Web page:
Tell Us What You’d Like To See In MAKE, Win A Subscription

Arduino
Tell Us What You’d Like To See In MAKE, Win A Subscription

We’ve had some great feedback lately to our contest questions, so we’ve decided to throw the door wide open on the latest element14 giveaway and see what flies in! The comments on the entry page are rocking along great, so far, but we want your input, too! So now’s the time to dust off your “I always wished MAKE would…” file, flip open the cover, and let us know what’s inside. We’ve got ten subs to give away, so there’s plenty to go ’round. Thanks for your time and attention!

More:
The Make: Arduino page.

44 thoughts on “Tell Us What You’d Like To See In MAKE, Win A Subscription

  1. Ron Arcovio says:

    I’d love to see more alternate power sources. We have a super creative community, all this money going to big oil, I think we together could prolly solve this power crisis.

    1. Robbie Pitts says:

      I agree. The maker community could change the face of the crisis. Solar cell projects, wind power, regenerative power using wasted heat/energy. We’ve seen a little, but want more.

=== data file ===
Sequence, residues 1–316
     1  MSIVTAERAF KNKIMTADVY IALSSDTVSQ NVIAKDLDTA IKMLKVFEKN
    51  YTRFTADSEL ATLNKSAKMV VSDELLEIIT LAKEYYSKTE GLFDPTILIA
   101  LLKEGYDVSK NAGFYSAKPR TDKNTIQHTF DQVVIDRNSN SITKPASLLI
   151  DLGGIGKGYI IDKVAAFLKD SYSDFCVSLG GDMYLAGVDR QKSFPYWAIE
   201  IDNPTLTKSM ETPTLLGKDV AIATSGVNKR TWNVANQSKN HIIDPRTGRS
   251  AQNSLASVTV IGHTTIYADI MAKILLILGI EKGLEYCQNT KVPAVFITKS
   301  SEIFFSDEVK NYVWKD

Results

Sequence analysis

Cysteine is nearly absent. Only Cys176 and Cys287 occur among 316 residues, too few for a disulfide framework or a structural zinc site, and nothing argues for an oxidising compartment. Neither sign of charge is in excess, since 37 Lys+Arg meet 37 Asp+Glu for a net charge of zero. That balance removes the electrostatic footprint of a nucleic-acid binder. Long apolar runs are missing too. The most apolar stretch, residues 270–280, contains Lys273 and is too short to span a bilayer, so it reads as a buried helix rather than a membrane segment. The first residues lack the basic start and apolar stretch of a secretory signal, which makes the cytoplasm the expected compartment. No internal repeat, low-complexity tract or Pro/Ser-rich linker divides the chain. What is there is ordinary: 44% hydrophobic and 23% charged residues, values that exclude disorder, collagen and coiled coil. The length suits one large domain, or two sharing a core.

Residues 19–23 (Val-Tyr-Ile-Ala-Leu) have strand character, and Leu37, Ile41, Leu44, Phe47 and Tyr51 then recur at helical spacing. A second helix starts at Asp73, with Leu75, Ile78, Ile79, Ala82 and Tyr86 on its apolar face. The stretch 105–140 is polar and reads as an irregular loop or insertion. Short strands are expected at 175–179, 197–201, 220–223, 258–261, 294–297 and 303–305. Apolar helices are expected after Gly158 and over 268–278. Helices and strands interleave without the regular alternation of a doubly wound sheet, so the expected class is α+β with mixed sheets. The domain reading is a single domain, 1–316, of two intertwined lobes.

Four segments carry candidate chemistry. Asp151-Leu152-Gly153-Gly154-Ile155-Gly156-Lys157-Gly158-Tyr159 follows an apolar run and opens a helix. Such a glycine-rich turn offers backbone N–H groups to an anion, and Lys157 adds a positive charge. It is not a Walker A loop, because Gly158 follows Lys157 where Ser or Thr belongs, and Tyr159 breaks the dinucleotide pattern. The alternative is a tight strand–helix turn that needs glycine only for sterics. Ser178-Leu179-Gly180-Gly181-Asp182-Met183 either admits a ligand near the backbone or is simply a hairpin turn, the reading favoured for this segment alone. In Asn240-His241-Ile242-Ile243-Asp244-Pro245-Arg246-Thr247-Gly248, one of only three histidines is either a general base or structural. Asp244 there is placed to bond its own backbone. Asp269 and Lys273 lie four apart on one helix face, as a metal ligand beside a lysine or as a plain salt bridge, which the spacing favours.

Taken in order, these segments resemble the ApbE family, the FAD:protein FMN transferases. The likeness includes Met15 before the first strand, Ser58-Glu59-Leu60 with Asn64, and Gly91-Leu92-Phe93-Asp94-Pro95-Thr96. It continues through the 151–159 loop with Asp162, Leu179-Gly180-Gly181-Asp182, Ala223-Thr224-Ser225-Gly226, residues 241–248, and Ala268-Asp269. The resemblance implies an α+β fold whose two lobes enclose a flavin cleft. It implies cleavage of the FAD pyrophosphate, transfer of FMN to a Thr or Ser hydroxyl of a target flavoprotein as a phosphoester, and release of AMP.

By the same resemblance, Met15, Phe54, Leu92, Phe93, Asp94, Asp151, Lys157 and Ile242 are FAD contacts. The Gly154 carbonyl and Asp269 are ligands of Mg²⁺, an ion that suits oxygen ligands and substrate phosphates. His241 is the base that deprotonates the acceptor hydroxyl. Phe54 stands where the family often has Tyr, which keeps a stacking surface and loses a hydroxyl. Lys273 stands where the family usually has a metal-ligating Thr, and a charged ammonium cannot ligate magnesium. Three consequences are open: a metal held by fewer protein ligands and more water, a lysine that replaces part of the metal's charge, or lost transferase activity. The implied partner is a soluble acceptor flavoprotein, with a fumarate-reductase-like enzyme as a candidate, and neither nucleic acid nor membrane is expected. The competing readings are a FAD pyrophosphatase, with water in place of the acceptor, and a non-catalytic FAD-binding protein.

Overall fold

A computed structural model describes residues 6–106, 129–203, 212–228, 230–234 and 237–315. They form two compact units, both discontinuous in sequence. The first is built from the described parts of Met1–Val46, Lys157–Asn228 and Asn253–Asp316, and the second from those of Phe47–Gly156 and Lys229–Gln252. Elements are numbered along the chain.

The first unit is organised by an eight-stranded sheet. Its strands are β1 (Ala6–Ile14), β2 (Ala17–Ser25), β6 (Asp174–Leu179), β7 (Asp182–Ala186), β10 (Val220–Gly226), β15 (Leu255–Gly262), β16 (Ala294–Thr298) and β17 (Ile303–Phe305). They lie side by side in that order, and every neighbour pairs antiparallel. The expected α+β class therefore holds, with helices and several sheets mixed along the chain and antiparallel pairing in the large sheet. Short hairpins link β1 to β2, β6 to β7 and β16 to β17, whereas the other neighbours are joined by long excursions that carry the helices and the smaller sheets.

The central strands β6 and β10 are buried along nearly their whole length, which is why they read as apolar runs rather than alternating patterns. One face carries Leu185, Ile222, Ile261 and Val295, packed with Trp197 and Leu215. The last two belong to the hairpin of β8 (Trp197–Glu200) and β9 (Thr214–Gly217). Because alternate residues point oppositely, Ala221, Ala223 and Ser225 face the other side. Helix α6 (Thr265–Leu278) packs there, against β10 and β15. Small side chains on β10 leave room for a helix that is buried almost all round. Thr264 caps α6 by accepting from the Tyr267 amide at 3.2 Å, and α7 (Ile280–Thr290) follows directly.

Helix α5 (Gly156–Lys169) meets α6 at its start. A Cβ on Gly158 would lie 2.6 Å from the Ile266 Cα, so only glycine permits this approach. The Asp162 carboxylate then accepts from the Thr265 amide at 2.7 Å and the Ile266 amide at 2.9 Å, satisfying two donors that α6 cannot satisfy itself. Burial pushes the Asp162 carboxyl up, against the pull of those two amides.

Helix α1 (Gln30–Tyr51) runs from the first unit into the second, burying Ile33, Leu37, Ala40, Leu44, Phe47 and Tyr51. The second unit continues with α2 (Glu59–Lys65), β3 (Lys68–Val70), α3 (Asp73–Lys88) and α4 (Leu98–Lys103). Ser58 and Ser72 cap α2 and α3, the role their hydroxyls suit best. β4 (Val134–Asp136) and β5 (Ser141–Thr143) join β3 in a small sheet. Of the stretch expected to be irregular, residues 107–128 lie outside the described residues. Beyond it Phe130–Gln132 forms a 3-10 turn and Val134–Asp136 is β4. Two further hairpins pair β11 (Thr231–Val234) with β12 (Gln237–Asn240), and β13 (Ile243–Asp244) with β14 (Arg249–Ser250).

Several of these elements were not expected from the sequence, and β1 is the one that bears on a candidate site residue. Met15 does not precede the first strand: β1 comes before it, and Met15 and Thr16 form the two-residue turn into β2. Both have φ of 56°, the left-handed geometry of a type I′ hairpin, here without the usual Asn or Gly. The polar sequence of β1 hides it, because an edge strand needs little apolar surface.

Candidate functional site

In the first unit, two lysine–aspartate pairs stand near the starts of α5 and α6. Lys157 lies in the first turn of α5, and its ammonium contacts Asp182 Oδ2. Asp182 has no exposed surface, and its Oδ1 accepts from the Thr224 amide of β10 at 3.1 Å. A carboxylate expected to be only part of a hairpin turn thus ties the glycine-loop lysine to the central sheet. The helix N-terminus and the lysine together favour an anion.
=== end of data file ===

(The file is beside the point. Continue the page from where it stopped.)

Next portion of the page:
2. Will Price says:

    I’d like to see more different disciplines of making, with introductions so one can test out new hobbies easily with enough information to get a feel for new subjects and pursue them if they wish, broadening one’s skill set

  3. Badr Bouslikhin says:

    I’d like to see less expensive DIY projects.

    1. Anonymous says:

      I’ll second this one!

  4. Adam says:

    i’d like to see a series on sustainable energy projects, in particular solar powered cell batteries and energy storage.

  5. Joe Feldman says:

    Paper Models. How to create a model of a favorite building or thing…

  6. undeded says:

    I would like to see more projects for use of solar and wind energy projects using cheap or salvaged parts.

  7. Fightcube says: